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3D Bioprinting

New Advancements: Exploring 3D Bioprinting

3D BioprintingEvery few generations an invention is created that changes the course of humanity. The printing press changed the way we spread ideas. The industrial revolution altered the way we produce goods. Now, our generation’s paradigm shifting invention is upon us and it goes by the name of 3D bioprinting.

Why is 3D Bioprinting Important?

3D bioprinting is thrilling because of its potential to develop living human tissue which can be used for clinical trials and to ‘treat’ patients. Specifically, recent advances have enabled 3D bioprinting of biocompatible materials, cells, and supporting components into complex 3D functional living tissues. 3D bioprinting is also being applied to regenerative medicine to address the need for tissues and organs suitable for transplantation. Creating viable 3D printing models of human tissue and systems may lead to more effective drug development; however organ and tissue structures vary in complexity and printing with living cells is challenging.

Compared to non-biological printing, 3D bioprinting involves additional complexities such as the choice of materials, cell types, growth, differentiation factors and technical challenges related to the sensitivities of living cells and construction of tissues. Several companies have recently announced their decision to explore 3D bioprinting, which certainly could provide a cheaper way to test its products for toxicity and efficacy. Organovo is working with a number of pharmaceutical and biotechnology companies to further their research. Proctor & Gamble recently launched a giant competition in Singapore asking academics to submit proposals on 3D bioprinting applications. The advantages seem obvious however it is simply too early to place that ‘flag in the sand’ and deem 3D bioprinting as a definite solution without conducting extensive research.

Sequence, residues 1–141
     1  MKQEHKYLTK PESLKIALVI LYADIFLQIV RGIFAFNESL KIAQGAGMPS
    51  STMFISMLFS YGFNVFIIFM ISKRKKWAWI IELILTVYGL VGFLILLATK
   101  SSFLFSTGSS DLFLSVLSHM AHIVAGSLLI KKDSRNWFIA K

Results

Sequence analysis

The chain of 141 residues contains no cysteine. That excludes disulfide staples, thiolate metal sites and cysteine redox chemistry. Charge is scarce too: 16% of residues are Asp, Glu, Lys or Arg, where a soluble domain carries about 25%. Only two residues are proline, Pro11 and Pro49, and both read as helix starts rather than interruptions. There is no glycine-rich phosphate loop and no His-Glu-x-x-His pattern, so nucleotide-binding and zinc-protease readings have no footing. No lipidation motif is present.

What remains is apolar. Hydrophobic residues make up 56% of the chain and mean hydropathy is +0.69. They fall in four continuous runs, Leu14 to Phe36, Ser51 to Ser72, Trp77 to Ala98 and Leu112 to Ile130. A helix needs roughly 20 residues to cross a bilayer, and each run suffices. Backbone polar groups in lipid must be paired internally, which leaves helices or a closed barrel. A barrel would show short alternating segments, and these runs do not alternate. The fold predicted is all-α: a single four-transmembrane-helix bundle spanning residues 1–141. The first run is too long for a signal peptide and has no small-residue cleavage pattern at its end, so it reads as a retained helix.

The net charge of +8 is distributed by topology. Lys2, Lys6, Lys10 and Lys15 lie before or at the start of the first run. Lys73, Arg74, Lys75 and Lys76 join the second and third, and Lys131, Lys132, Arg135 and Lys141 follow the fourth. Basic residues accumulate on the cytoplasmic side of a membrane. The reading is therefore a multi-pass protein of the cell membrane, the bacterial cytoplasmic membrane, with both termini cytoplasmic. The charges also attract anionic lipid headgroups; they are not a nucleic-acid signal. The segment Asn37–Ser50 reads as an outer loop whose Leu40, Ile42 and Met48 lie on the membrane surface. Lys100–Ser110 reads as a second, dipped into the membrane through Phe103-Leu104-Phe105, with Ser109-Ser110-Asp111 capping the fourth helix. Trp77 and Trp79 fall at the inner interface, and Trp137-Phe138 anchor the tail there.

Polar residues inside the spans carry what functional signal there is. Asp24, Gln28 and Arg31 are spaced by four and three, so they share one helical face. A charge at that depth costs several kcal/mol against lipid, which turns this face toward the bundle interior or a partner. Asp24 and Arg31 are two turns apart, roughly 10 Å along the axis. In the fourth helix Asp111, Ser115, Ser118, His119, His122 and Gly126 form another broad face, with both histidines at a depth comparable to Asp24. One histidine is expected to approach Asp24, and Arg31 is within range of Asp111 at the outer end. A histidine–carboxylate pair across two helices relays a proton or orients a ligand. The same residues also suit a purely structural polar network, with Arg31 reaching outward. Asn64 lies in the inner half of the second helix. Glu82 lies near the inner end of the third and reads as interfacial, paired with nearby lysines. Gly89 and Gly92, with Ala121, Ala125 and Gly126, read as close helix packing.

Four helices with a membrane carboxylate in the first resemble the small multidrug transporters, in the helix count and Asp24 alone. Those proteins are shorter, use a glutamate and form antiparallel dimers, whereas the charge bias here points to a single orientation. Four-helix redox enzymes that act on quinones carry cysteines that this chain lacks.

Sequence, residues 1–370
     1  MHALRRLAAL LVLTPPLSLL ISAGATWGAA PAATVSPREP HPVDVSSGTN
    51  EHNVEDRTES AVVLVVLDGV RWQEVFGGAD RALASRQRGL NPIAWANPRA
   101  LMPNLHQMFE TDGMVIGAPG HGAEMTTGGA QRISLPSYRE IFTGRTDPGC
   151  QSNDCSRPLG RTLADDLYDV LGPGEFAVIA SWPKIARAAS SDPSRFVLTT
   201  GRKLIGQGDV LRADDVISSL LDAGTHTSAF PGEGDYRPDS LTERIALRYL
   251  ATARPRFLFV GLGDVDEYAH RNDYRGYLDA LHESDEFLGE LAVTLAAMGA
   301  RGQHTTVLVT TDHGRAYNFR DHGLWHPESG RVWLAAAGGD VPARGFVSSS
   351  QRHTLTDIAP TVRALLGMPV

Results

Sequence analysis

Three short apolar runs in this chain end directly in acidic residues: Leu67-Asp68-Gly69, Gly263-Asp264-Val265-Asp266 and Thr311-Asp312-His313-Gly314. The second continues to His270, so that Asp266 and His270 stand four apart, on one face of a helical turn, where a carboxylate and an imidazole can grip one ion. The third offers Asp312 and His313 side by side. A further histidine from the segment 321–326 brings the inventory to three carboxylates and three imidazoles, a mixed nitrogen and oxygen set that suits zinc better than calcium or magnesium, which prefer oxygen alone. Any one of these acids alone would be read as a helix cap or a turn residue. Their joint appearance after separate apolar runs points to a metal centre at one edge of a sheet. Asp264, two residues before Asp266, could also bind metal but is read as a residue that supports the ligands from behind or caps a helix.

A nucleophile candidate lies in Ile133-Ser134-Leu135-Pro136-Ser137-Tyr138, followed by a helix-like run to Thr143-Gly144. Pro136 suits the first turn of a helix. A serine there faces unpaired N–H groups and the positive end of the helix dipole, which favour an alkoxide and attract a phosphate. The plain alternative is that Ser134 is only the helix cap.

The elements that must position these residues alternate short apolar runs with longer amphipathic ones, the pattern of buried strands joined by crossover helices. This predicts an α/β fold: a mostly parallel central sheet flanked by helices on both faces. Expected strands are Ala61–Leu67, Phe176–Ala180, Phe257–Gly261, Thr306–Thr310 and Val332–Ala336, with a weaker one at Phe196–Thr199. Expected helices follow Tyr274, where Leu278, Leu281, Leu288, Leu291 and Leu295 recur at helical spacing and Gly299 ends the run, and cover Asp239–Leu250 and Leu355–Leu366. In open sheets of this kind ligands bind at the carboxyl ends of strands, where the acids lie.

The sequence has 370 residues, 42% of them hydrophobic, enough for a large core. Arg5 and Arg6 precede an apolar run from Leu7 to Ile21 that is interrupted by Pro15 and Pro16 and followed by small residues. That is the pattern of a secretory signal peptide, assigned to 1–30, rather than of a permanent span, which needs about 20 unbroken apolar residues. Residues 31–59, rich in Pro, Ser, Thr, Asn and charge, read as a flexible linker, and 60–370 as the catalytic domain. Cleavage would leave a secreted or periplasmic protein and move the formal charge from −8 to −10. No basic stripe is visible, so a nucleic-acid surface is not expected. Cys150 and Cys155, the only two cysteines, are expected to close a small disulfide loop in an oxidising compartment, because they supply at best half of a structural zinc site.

How Does Bioprinting Work?

Bioprinting works by taking cultured human cells and forming bio-ink, a material made from living cells that behaves much like a liquid. This allows people to “print” it in order to create a desired shape (1). Bio-ink is then placed into cartridges that contain a syringe, fitted with an extrusion nozzle for printing. Next, the bioprinter deposits a pattern of cells in layers, interspersed with a water-based gel known as hydrogel that is then used as a kind of scaffolding for the cells. Lastly, the printed tissue is left to grow naturally and the hydrogel is removed.


This initiative is one of many in the pharmaceutical and biotech industry that is being evaluated in an urgent quest to speed up drug development and lower costs. While there are many challenges, it may only be a matter of time before the far reaching drug testing approach of 3D Bioprinting will be the new standard for testing chemotherapy drugs and oral contraceptives.

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